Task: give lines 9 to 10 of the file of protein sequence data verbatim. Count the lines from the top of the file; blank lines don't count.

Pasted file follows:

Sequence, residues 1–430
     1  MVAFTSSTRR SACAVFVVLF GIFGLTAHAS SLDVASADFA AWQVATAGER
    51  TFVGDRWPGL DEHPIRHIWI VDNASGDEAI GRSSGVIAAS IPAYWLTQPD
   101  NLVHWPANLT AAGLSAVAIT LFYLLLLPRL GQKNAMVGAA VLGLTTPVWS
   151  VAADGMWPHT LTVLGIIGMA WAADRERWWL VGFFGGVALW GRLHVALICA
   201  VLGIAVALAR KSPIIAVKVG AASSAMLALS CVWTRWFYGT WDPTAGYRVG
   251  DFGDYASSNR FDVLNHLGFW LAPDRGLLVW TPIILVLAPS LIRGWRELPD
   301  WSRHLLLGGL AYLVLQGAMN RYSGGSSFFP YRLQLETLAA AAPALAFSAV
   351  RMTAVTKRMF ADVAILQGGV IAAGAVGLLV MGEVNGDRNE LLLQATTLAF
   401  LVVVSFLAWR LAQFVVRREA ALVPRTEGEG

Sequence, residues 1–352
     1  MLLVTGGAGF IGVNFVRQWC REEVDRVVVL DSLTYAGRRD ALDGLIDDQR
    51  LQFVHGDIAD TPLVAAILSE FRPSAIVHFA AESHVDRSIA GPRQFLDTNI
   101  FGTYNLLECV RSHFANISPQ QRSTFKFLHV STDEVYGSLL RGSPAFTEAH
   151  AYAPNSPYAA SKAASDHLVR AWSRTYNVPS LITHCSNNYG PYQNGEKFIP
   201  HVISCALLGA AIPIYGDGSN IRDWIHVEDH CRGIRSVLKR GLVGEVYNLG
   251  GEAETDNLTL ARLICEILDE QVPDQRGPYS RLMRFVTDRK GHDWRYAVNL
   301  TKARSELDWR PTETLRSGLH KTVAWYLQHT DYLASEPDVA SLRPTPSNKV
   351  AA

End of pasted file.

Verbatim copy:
   351  RMTAVTKRMF ADVAILQGGV IAAGAVGLLV MGEVNGDRNE LLLQATTLAF
   401  LVVVSFLAWR LAQFVVRREA ALVPRTEGEG